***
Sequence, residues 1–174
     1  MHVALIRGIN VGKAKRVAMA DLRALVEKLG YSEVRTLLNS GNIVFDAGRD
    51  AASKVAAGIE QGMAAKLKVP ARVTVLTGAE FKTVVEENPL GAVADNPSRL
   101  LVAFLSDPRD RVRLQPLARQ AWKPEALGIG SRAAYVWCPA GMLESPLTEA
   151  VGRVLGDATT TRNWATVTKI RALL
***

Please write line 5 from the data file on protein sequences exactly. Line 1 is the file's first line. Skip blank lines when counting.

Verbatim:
   151  VGRVLGDATT TRNWATVTKI RALL